1. Lovely to read some more about your trip Sue, especially as I woke up particularly early this morning! Great to " wander around" Bath with my morning coffee … so happy for you that it lived up to, maybe even exceeded your expectations. I could never be tired of Bath … I think it will always remain my favourite city for many reasons.
    Thanks also, for sharing such a great selection of photos.

  2. I too have "done" Bath with my morning coffee and it was wonderful. I've only been there once to shop for a mother of the groom outfit some 10 years ago. As I was shopping I didn't cross the bridge and saw boutique dress shops and little else. So thanks for taking me with you on an interesting tour of this beautiful city, Sue, it was a special experience – Austen-ish! Hugs, x

  3. I'm glad Bath was all you hoped it would be , it looked lovely & not madly busy either – I must get there sometime . You sound to have struck lucky with Jules too . There's something very moving about standing quietly next to the grave of someone you consider really special . It wouldn't have been the same in a large noisy group . I loved the crow sat on Stonehenge , which really added to the scene , & wondered if it was the Eastbourne seagull following you around 🙂 I know , not funny for you – being stalked by a large bird .
    Wendy in York

    1. Jules was a find, indeed. I think he was quite surprised by my reaction to his inclusion of Siegfried Sassoon's grave. We had a lovely discussion about WWI poetry.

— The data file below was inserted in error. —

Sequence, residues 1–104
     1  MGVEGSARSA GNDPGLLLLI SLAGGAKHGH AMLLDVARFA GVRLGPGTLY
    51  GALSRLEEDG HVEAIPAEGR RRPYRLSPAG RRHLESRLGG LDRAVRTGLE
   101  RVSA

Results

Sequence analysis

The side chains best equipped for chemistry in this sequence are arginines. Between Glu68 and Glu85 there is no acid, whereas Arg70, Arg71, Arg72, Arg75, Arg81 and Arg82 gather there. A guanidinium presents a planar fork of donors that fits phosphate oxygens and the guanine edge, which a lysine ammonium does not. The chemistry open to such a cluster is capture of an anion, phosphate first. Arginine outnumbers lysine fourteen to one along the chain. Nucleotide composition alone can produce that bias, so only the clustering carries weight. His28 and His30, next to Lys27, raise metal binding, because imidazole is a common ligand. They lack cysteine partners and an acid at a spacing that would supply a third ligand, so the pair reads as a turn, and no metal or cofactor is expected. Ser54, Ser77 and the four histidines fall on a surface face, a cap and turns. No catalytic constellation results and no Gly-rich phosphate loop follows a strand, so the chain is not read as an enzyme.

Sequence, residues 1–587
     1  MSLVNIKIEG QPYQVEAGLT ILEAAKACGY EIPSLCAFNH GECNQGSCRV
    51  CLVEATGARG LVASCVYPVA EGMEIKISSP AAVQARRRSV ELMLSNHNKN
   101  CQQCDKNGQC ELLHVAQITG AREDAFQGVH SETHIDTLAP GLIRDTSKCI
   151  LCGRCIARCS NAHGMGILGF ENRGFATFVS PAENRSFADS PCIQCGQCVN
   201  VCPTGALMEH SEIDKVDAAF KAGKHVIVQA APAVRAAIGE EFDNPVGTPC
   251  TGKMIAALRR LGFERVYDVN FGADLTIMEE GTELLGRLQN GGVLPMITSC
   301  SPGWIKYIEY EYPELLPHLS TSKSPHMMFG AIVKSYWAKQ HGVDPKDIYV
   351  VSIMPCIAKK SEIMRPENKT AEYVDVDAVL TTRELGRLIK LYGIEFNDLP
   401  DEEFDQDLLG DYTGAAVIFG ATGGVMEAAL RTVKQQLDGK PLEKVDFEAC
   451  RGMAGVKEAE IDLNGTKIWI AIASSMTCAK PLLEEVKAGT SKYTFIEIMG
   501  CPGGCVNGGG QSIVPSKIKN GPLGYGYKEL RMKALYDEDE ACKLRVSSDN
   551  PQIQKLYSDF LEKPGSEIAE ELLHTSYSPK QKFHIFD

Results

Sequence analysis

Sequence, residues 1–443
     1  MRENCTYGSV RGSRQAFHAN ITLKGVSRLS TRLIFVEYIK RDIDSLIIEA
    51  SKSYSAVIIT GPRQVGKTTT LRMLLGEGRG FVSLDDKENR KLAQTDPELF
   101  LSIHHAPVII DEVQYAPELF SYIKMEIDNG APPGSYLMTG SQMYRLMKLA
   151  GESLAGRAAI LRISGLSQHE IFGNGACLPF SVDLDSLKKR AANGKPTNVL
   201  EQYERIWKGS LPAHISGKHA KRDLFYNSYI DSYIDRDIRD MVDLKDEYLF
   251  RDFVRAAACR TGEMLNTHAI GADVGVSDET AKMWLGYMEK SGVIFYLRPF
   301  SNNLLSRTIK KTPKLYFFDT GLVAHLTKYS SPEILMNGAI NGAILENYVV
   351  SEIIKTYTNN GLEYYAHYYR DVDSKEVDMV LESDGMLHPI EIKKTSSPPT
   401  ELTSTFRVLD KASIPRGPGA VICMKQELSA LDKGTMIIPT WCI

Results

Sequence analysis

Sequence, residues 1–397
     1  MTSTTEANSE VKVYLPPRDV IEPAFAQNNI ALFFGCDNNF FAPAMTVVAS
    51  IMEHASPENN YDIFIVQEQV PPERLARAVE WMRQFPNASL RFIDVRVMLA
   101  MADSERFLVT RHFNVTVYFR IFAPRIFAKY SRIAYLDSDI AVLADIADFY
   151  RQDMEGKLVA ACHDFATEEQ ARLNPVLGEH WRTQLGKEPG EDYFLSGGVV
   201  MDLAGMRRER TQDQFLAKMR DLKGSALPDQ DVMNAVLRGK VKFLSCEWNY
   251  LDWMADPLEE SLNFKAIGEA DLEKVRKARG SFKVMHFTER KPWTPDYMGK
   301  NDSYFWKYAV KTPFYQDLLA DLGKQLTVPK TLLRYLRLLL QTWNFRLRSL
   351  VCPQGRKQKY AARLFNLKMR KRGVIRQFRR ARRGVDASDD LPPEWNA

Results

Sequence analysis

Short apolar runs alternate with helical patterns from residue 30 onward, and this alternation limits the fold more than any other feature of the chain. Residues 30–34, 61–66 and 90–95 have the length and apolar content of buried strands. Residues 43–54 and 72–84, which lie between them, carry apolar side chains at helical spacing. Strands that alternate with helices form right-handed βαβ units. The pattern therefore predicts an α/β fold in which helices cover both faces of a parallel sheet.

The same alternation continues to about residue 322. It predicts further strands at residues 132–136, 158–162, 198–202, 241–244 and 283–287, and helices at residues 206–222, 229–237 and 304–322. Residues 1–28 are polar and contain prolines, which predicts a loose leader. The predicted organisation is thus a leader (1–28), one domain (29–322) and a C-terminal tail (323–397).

4. So pleased that Bath fulfilled your dreams. I love it, too. And was there last December with three good friends which can only improve anything. It goes head-to-head with York for Most Lovely British City as far as I am concerned. We passed the Austen Centre and the collection of enactors a few times on our trips into town and I wondered what it was like in there. Well, now I know. Must say, you got the best of our weather as rain is now the salient feature. That, and the bulbs who have decided it is February.

    1. York is lovely, too. I was there briefly with my husband in 2005. Must go back, though. Wendy has promised me a shopping trip to the Margaret Howell store if I do:)

  5. Rather off topic, your wind blown hair is adorable – I wonder if there is an alternative "look" there? So fun. Thank you for sharing your trip, I'm enjoying the vicarious travel. It would be nice if the rainy weather was catching, its terribly dry here on the US east coast!


  6. You've convinced me. Next time I get to the UK, Bath and Stonehenge (which I saw when I was 11 but seems like once isn't enough). So glad you enjoyed yourself – so needed and deserved.

    1. Thanks, Lisa. Stonehenge was interesting if a bit crowded with selfie-stick wielders. But the rest of the day tour was much better. And Bath…well…Bath was lovely.

  7. It's SO long since I made a short visit to Bath (as in 35 years!!), and your post makes me want to get back. I'd be sure to do as you did and enjoy an afternoon of tea-with-a-book. . . Agree with ceci about the windblown hairdo — very fetching.

  8. I've never been to Bath and this was a beautiful tour,connecting places I've read about with your story.I could almost feel the athmosphere
    And,following your Instagram,it was real pleasure to meet two lovely ladies-Rosie and Wendy!
    Perfect! It must have been soooo nice to share a lot of stories!